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Home Blog Popcorn Parent Movie Reviews Family Movie Review: Spider-Man: Far From Home (PG-13)

Family Movie Review: Spider-Man: Far From Home (PG-13)

 ‘Spider-Man: Far From Home’ is the funny, frothy pick-me-up needed after ‘Avengers: Endgame.’ 

Kernel Rating: 4 out of 5

MPAA Rating: PG-13        Length: 129 minutes
Age Appropriate For: 12+. This second film in the rebooted Spider-Man franchise picks up after the events of ‘Avengers: Endgame,’ with the world still mourning for the characters who passed away in that preceding film. Otherwise, the film includes elements familiar to a movie about high school students: on a trip to Europe, teenagers attempt to drink and are refused; teenagers flirt, hold hands, kiss, and date, and a few adult characters are mentioned as being in a relationship or a “summer fling”; there is a joke about pornography and a subplot including a cellphone picture of Peter disrobing; and there is some cursing and insults. Also, per usual for the ‘Avengers’ films, there is a fair amount of violence, including battles between Spider-Man and elementals beings who can control earth, water, and fire; people are injured by citywide destruction, and there are many close-call situations where the teens could be hurt; a villain uses a gun; drones are used to hunt down and attack people; and there is a vision of a beloved character coming back to life as a zombie.

By Roxana Hadadi

The zippy humor and believable characters displayed in the first film of the rebooted Spider-Man franchise, “Homecoming,” continues with its sequel, “Far From Home.” Although this film feels like it was released a bit too soon after this spring’s “Avengers: Endgame,” and certain elements of its narrative seem rushed as a result of that, “Far From Home” is still funny, frothy, and fun.

“Far From Home” begins some months after the events of “Avengers: Endgame” (please note that spoilers for that film continue throughout this review), with the world still mourning the loss of the characters who died in “Endgame.” Peter Parker (Tom Holland) in particular feels slightly unmoored since the passing of his mentor and father figure Tony Stark (Robert Downey Jr.), and everything is different now: Five years did pass for those who remained unsnapped, and so friendships and relationships are altered. Many people who were snapped are now homeless because other people who survived moved into their homes. And Peter, who wanted to simply be your friendly neighborhood Spider-Man, finds himself pulled into various directions that feel overwhelming.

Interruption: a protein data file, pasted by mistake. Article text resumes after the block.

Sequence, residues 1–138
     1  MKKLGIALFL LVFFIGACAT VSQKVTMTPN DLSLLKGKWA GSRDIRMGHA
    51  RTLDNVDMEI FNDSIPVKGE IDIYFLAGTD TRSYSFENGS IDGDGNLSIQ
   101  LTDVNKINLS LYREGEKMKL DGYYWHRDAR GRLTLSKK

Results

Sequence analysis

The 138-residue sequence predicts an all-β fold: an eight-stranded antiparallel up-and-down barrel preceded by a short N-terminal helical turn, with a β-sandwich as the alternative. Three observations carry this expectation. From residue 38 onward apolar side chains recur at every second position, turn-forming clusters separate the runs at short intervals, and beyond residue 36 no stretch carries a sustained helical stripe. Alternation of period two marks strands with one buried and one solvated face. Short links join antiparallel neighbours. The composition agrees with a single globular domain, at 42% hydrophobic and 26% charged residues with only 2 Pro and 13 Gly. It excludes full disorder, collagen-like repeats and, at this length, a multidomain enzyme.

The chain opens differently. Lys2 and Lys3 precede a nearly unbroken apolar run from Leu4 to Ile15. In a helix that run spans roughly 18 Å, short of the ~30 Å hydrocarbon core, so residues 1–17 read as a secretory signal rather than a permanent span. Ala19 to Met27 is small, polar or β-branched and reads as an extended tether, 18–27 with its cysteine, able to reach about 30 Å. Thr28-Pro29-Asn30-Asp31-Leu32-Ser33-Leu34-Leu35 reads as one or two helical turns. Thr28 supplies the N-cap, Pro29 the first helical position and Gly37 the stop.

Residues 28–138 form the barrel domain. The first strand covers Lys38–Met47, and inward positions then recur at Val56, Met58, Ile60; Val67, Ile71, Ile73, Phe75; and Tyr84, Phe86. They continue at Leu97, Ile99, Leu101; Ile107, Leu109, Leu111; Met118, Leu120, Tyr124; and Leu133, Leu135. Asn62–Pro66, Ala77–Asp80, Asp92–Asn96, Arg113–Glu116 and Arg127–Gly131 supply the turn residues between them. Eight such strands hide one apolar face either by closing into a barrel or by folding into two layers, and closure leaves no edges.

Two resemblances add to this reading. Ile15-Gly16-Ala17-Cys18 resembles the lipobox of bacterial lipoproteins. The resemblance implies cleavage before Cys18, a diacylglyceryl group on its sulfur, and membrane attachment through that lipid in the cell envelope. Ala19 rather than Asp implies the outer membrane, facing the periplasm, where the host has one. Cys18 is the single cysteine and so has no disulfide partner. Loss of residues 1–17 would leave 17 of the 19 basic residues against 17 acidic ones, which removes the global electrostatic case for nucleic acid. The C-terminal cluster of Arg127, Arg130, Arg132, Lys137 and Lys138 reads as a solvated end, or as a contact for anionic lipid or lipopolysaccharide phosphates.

SpiderManFarFromHome1 ChesapeakeFamilyMovieReviewWhen the opportunity to take a trip to Europe as part of his school’s science club arises, Peter jumps at the chance—maybe he can finally tell MJ (Zendaya) how he feels about her, and maybe leaving New York City will help him move past his grief. But then Nick Fury (Samuel L. Jackson), formerly of the Avengers-affiliated group SHIELD, shows up, and asks Peter for his help: The events of “Endgame” created a multiverse, and in another version of earth, Elementals figures who can control wind, water, earth, and fire wreak havoc. From that world is the scientist Quentin Beck (Jake Gyllenhaal), who is determined to stop the Elementals appearing now on this version of Earth. Can Spider-Man help the man the European news media have nicknamed “Mysterio”? Or will he ever get the opportunity to be a normal teenager?

Over “Captain America: Civil War,” “Spider-Man: Homecoming,” and the “Avengers” films “Infinity War” and “Endgame,” we’ve seen Peter’s conflicted emotions regarding his status as a superhero, and “Far From Home” continues that narrative. It’s a familiar concept, but “Far From Home” keeps the story moving forward by progressing his relationship with MJ and acknowledging that Tony’s death has changed Peter in profound ways. There is humor throughout the film thanks to Peter’s best friend Ned (Jacob Batalon) and a girlfriend he acquires during the Europe trip, and Jackson shines here as Fury, who cannot comprehend that Parker would rather be a normal teenager than step up and help save the world.

New to the franchise, Gyllenhaal’s Beck follows in Michael Keaton’s footsteps as another excellent foe for Spider-Man. With his own relatable backstory and a clearly developed plan, Beck’s plotting adds real danger and depth to “Far From Home.” The visual style Mysterio brings to the film, with swirling plumes of green smoke and a malleable idea of reality, rival the excellent animated film “Spider-Man: Into the Spider-Verse” in gorgeous ingenuity. But at the same time, the action scenes in the film’s third act last too long, and the movie would have benefited from 10 or so fewer minutes of those CGI-heavy sequences in particular.

A cynical (or highly logical) viewer could look upon “Far From Home” as simply an opportunity for the Marvel Cinematic Universe to position Parker as the new Stark, and the film certainly makes those connections between the characters. But “Far From Home” also continues “Homecoming’s” precedent of a lot of laughs and a compelling villain, and a few twists late in the film promise that this franchise will continue moving in unexpected directions. 

Interested in a previously released film? Read our reviews of films already showing in your local theater.  

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